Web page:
Friday, May 12, 2006

Catch-22 by Joseph Heller

 (Book Review)

I suspect that most of you have already read this book and once again I'm a bit behind the times by just reading it now.

This book is often mentioned in the same breath as "Slaughter House 5" and on the surface they have a lot of similarities. Both books are written by authors who fought in World War II. Both authors found themselves unable to write about their war experiences in traditional narrative, and so turned to comedy instead. Both books were published in the 1960s when the nation was focused on another war. And both books take a non-linear perspective and jump around in time.

That's where the similarities end, however. "Slaughter House 5" was very dry humor, but "Catch-22" is bouncing off the walls with silliness.

One of my first thoughts when reading this book was, "Wow, this is pretty avant-garde stuff. I can't believe this was written way back in 1961."

Second thought: "Actually, wait a minute, yes I can. This book feels very tied into the humor of the time. Most of the book reads like the Marx Brothers had written it. There are also lots of parts that are reminiscent of vaudeville, and I was often reminded of Abbott and Costello's 'Who's on First.' Like 'Who's on First' many of the sketches in the book are based on one character living in his own whacky world, and the other character refusing to understand what is going on.

There's not a lot of consistency in terms of comic roles. A character can play the straight man in one scene, and then be the silly man in the next scene. It all seems based on what serves the plot best.

Although I use the word "plot" loosely because much of the book isn't so much based on a plot as it is just a running series of gags. At first I got tired of this book very quickly. I like the "Marx Brothers" but an hour and a half movie is about the limit for that kind of humor. A 561 page book feels like overkill.

The book is anything for a laugh. Every line is a joke, or a set-up for the next joke. Its a bit like those "Airplane" movies. There are so many gags flying around so fast that some of them are bound to be funny even if the majority are groaners. There was usually something funny on each page, but because of the books fractured nature I found it hard to absorb myself for long periods, and initially had to read this book in small doses.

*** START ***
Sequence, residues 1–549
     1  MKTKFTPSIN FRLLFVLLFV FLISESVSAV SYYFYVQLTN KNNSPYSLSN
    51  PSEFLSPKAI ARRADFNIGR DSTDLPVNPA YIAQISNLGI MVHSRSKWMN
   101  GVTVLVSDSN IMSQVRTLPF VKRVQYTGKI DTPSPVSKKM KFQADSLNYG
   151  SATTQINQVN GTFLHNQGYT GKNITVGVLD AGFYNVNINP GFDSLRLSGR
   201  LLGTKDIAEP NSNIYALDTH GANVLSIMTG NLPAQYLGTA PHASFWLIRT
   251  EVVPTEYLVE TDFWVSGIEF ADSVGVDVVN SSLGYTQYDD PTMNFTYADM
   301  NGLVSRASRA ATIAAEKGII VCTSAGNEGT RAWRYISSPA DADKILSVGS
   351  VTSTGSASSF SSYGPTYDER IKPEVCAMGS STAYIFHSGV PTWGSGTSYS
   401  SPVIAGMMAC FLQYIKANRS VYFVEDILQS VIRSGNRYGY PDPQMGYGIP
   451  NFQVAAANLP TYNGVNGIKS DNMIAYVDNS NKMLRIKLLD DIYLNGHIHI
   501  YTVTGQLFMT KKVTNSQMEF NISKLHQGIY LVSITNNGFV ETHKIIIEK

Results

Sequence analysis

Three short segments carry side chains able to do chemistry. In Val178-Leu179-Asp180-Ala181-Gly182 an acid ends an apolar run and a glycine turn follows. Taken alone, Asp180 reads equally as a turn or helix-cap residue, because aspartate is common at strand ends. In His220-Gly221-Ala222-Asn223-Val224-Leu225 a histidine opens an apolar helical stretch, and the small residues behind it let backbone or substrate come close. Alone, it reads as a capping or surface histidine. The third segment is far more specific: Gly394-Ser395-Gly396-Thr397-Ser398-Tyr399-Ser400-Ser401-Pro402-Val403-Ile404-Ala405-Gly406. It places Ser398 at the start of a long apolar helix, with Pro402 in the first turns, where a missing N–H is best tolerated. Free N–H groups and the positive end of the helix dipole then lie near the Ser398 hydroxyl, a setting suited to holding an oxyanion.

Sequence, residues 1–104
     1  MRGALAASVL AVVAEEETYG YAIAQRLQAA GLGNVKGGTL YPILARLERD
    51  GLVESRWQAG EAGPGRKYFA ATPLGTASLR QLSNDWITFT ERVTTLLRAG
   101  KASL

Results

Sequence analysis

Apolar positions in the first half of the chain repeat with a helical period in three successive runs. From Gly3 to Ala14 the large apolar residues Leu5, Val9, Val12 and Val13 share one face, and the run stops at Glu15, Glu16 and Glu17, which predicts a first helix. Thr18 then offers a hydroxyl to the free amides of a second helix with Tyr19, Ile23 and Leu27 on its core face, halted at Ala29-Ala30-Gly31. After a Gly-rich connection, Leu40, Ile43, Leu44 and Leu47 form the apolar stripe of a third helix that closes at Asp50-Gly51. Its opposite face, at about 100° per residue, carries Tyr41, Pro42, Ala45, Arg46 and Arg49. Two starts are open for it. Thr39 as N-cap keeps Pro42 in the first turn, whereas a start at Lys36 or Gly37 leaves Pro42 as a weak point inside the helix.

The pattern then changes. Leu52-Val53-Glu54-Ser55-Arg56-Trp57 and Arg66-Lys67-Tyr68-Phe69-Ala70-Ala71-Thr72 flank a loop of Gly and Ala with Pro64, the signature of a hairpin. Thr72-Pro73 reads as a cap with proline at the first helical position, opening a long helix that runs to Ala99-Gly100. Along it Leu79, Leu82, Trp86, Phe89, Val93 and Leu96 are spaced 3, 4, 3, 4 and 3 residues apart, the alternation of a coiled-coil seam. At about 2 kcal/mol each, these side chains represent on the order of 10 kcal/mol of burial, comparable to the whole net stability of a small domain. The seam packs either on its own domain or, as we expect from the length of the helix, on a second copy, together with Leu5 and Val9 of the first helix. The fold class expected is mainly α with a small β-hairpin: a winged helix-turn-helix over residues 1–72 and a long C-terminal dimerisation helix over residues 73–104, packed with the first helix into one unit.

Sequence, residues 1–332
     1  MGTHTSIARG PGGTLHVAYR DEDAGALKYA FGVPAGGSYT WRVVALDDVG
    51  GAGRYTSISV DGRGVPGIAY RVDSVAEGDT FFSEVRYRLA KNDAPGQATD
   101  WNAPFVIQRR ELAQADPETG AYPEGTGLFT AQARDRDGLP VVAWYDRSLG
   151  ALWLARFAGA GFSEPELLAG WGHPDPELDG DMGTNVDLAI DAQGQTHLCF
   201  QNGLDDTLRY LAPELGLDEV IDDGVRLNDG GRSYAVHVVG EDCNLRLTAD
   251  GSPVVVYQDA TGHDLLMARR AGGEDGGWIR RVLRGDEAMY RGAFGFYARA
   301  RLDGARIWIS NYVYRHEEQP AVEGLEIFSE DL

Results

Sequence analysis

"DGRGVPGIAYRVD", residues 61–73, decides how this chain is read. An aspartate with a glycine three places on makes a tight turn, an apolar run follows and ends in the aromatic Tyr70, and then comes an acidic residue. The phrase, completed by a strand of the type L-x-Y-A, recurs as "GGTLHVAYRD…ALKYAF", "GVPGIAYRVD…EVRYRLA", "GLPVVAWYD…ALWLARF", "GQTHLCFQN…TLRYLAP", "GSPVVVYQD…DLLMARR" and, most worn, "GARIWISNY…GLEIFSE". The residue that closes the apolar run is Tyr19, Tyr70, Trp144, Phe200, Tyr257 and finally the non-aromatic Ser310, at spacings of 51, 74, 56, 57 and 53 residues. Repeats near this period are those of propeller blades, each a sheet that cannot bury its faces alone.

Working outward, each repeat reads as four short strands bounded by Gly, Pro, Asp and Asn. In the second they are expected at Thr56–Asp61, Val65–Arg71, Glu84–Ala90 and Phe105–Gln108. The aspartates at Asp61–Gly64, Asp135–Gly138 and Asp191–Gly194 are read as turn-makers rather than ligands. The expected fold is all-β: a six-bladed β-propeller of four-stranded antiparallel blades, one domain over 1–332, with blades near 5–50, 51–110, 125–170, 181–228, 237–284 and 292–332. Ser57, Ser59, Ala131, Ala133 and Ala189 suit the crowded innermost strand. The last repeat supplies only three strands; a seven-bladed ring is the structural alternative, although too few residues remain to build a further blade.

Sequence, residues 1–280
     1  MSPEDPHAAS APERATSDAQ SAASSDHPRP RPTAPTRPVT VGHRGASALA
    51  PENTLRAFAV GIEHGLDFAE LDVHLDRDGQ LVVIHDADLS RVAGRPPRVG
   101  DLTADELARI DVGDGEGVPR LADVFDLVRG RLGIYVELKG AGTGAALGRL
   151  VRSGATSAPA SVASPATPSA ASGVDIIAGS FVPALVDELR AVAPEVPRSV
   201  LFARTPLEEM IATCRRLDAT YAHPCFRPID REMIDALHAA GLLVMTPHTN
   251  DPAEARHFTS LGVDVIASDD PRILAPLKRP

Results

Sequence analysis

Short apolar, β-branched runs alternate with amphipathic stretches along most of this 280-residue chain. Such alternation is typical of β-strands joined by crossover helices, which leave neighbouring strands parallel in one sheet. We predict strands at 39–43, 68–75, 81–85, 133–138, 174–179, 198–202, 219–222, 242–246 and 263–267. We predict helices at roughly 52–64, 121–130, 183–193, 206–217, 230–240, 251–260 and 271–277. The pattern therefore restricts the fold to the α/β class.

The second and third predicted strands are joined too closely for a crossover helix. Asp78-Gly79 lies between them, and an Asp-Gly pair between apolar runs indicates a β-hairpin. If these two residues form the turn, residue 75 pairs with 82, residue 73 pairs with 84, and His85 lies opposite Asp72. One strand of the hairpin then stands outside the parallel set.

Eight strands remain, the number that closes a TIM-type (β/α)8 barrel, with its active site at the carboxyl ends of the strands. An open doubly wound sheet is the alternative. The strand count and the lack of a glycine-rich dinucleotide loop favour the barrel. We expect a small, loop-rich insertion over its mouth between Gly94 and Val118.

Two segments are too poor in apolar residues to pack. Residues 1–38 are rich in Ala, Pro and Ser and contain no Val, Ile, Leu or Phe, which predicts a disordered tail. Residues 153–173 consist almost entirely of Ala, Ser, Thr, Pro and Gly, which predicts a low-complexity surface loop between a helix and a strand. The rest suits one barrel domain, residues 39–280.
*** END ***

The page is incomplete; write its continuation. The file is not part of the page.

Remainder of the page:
If you stick with the book though, a plot does start to emerge. And near the end especially the themes of anti-militarism do start to emerge.

This book reminds me a lot of the John Lennon film, "How I won the War."
Actually I remember once reading a review of "How I Won the War" that said, "The point of this film is that war is ridiculous and that it's conducted by idiots. But this isn't a strong anti-war message. Would war be any better if it was conducted by people who knew what they were doing?"

This same question could be applied to "Catch-22". The strength of this book though is that it draws you in, so near the end you actually do start to see the war through the bizarre lense of Yossarian, the main character. You do feel that its ridiculous that enlisted men have to throw away their lives on the whim of commanding officers, or that people should be killed just for living in the wrong city. Like all great satires, this book makes you realize how bizarre life actually is.

Useless Wikipedia Fact
Helen Keller was a member of the Socialist Party and actively campaigned and wrote in support of the working classes from 1909 to 1921. She supported Socialist Party candidate Eugene V. Debs in each of his campaigns for the presidency. Helen Keller also joined the famous labor union, the Industrial Workers of the World (IWW), in 1912 after she felt that parliamentary socialism was "sinking in the political bog." Helen Keller wrote for the IWW between 1916 and 1918.
These details were left out of the various Hollywood movies of Helen's life.

Link of the Day
I don't reckon this Ray McGovern flap needs the help of publicity from my blog, but I can't recommend these videos enough. It's amazing the bald faced lies he catches Rumsfeild on.

First of all , this video from MSNBC, complete with fact checking the exchange, is a must see.

Secondly check out this interview between Ray McGovern and Paula Zahn. My favorite part is when McGovern says its ironic he was trained to analyze lies from foreign leaders, and now he has to use it on his own government.

Also this interview with Anderson Cooper illustrates how much disinformation the Bush administration has put out. It makes you think about how much trouble the democracy is in.

As always, no one puts it like the Daily Show. They put together a nice little collage of the event and the media coverage.

If you're on a slow connection and can't watch videos, at least check out the article "My Meeting With Rumsfeld by Ray McGovern"

Catch-22 by Joseph Heller: Book Review (Scripted)

1 comment:

Harivansh Rai Bachchan said...

It is one of the funniest books I will ever read. It gets better when you read it a second or a third time as you understand each situation more profoundly. There is a different kind of humor, prevalent in this book - and the non linear narration creates a sort of confusion as you read it for the first time. Once you get a grasp of this book it is amazing. War is a terrible tragedy that can happen and this book takes a satirical view on the whole concept of war much like the "Dr. Strange love" movie.